Edinburgh study finds cholesterol link to immune system

Cholesterol Cholesterol can build up in blood vessels causing damage

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Lowering cholesterol could help the body's immune system fight viral infections, researchers have said.

A study by Edinburgh University scientists found when the body succumbs to a viral infection a hormone in the immune system lowers cholesterol.

Cholesterol produced by cells is needed for viruses to grow.

Therefore limiting the body's cholesterol would curb the chance for viruses to thrive, the researchers said.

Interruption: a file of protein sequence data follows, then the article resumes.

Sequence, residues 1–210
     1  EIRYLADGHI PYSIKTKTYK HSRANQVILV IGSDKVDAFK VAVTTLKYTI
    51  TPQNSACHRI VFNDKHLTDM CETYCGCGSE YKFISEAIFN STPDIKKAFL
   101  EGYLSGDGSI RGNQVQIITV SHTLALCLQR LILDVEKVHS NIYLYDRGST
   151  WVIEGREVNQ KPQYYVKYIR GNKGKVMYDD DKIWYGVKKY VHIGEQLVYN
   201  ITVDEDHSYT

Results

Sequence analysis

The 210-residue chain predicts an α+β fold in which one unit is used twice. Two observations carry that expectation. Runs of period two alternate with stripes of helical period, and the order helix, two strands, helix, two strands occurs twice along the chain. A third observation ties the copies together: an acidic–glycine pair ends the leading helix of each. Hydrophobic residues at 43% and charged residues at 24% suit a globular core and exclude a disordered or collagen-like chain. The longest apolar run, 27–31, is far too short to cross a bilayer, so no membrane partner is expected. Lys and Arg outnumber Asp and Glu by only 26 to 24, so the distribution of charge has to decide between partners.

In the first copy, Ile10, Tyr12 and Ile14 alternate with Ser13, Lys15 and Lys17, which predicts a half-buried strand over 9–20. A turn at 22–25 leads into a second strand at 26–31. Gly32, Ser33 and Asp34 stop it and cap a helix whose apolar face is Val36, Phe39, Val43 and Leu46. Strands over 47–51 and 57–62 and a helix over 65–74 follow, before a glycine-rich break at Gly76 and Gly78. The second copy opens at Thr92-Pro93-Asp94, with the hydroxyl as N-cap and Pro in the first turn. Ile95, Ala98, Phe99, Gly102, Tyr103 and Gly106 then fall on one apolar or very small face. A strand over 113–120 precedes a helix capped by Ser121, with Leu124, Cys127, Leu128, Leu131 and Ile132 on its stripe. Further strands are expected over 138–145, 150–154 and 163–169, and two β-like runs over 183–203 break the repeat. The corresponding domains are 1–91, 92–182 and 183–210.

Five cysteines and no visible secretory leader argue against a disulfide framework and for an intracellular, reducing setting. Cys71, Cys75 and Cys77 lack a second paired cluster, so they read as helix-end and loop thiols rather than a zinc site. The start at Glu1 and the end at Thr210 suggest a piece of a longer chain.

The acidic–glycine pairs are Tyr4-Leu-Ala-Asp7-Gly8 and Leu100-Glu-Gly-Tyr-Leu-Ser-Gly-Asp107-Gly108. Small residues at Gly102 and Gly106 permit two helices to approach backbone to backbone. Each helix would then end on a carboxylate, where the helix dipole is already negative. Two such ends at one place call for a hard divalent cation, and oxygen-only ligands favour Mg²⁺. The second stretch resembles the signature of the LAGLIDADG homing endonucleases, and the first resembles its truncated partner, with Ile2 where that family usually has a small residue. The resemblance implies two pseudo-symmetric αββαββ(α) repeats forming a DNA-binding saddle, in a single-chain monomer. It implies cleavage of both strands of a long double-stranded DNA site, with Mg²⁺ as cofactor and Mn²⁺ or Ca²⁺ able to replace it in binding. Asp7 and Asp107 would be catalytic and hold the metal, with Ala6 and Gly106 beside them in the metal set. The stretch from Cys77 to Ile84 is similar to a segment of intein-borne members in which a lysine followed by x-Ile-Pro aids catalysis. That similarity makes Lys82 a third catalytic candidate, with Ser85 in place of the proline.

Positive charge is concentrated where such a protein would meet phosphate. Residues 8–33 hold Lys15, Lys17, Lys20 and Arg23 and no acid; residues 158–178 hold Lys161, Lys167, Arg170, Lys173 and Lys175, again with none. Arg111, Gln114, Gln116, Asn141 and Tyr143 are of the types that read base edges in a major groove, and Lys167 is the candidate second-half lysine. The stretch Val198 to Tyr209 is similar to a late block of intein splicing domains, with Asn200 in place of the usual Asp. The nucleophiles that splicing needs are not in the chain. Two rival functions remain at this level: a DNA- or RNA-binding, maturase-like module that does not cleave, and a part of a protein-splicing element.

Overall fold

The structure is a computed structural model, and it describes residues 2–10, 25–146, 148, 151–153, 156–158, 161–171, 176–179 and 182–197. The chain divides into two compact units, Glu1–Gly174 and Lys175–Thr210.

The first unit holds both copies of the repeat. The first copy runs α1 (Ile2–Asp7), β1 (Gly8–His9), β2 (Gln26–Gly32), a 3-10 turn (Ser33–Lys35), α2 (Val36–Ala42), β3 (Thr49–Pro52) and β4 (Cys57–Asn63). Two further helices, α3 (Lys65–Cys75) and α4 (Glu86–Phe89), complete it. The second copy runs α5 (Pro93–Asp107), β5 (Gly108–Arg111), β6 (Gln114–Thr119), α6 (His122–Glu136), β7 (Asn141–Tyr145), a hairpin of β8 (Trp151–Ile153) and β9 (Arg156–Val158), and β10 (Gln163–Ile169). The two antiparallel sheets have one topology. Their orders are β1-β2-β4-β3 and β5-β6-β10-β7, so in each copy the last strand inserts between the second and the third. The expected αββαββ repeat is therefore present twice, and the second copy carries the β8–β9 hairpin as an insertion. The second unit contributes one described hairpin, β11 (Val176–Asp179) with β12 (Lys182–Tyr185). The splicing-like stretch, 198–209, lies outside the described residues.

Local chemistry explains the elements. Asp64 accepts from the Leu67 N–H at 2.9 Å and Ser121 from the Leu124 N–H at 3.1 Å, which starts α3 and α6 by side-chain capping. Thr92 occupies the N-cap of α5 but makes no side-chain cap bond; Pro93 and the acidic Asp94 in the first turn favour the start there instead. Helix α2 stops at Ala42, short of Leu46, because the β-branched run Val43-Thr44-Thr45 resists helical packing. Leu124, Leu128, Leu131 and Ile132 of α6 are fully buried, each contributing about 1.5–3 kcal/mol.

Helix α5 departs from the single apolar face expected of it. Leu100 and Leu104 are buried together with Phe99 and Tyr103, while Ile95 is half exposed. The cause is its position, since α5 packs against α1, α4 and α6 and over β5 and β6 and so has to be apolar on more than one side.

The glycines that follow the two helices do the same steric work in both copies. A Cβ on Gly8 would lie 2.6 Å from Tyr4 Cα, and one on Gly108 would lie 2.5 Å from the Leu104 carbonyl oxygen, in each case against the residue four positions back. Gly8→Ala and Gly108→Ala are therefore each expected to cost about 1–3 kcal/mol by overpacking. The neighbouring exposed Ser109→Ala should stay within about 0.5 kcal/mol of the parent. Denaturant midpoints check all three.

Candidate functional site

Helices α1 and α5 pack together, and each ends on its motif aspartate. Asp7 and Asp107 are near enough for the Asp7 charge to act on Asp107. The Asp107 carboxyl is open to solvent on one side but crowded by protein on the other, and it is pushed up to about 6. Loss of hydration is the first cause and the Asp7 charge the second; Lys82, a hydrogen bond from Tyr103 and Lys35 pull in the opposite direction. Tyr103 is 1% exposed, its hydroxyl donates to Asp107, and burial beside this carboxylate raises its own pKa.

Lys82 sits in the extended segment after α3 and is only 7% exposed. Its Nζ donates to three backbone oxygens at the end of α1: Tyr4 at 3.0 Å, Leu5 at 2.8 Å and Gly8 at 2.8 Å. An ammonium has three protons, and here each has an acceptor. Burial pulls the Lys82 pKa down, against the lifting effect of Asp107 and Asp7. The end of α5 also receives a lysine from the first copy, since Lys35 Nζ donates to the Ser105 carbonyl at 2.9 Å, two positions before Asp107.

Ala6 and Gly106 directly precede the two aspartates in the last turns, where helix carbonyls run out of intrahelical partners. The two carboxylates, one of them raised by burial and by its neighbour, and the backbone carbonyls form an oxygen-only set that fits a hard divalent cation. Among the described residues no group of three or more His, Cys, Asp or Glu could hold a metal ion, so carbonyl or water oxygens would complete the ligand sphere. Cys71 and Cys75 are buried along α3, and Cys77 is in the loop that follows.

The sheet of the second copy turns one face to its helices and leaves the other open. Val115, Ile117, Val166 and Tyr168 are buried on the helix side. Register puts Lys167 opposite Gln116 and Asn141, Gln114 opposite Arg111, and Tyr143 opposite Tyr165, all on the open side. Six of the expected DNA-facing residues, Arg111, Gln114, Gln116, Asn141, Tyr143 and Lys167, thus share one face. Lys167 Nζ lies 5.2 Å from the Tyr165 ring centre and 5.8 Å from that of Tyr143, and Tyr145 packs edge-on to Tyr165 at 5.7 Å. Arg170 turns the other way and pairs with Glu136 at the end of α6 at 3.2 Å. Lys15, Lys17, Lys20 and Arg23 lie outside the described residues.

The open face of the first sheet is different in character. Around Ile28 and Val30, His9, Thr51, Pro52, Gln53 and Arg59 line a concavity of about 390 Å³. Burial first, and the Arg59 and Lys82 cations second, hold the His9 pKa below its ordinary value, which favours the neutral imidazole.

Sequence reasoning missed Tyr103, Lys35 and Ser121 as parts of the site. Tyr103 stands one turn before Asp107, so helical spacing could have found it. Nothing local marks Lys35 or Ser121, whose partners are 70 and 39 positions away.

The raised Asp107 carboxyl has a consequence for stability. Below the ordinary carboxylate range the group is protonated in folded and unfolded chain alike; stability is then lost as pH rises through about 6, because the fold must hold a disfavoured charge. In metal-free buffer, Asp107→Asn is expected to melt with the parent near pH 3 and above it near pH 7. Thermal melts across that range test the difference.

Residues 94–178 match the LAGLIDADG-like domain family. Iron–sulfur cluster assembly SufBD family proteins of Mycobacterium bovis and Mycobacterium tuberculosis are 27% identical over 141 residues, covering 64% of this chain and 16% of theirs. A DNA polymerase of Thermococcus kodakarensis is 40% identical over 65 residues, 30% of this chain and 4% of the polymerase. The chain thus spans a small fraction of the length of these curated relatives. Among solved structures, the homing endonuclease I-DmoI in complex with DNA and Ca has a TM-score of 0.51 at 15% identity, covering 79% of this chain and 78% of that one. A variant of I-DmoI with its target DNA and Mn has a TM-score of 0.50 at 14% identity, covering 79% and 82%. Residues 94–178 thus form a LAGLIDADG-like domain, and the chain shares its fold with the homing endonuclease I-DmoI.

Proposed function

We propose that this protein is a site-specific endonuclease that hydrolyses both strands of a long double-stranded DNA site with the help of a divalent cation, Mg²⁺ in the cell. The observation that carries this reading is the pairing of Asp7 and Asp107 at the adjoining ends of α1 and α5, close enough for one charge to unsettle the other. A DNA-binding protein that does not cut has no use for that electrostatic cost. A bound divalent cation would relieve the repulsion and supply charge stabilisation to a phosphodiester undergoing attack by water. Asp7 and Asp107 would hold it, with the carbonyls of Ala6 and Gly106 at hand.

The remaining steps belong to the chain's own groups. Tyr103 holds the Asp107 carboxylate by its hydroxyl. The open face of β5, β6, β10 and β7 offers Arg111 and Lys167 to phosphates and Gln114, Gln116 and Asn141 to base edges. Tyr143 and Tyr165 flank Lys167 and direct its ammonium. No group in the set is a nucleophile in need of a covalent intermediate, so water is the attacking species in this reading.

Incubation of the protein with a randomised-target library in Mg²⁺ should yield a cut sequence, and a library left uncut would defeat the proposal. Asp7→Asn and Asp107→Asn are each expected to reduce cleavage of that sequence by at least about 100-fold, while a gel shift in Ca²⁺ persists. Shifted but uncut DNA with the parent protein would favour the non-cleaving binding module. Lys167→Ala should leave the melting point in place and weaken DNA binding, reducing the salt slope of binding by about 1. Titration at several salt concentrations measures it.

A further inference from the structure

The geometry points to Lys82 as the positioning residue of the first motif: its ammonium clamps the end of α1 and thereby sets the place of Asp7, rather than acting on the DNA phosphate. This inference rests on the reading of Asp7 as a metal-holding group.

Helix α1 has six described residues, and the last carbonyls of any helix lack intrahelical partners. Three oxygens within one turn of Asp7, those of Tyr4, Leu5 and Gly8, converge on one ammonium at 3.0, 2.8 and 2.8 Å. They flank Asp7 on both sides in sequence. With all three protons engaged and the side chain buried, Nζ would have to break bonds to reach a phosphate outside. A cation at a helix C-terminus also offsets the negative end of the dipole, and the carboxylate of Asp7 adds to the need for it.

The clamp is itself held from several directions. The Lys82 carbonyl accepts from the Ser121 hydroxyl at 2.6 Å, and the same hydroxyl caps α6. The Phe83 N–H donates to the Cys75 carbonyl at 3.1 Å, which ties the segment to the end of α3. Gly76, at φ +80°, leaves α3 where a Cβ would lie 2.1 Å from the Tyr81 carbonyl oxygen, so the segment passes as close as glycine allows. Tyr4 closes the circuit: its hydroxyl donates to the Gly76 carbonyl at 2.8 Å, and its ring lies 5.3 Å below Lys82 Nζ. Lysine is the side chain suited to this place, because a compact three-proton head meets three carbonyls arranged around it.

The academics also said it may be possible to use cholesterol-lowering drugs to boost the immune system.

Professor Peter Ghazal, of the university's division of pathway medicine, said: "What we have discovered is that a key immune hormone stimulated upon infection can lower cholesterol levels and thereby deprive viral infections of the sustenance they need to grow.

"Drugs currently exist to lower cholesterol levels, but the next step would be to see if such drugs would also work to help bolster our immune systems."

The research was funded by the Wellcome Trust, the Biotechnology and Biological Sciences Research Council, the Engineering and Physical Sciences Research Council and the British Heart Foundation.

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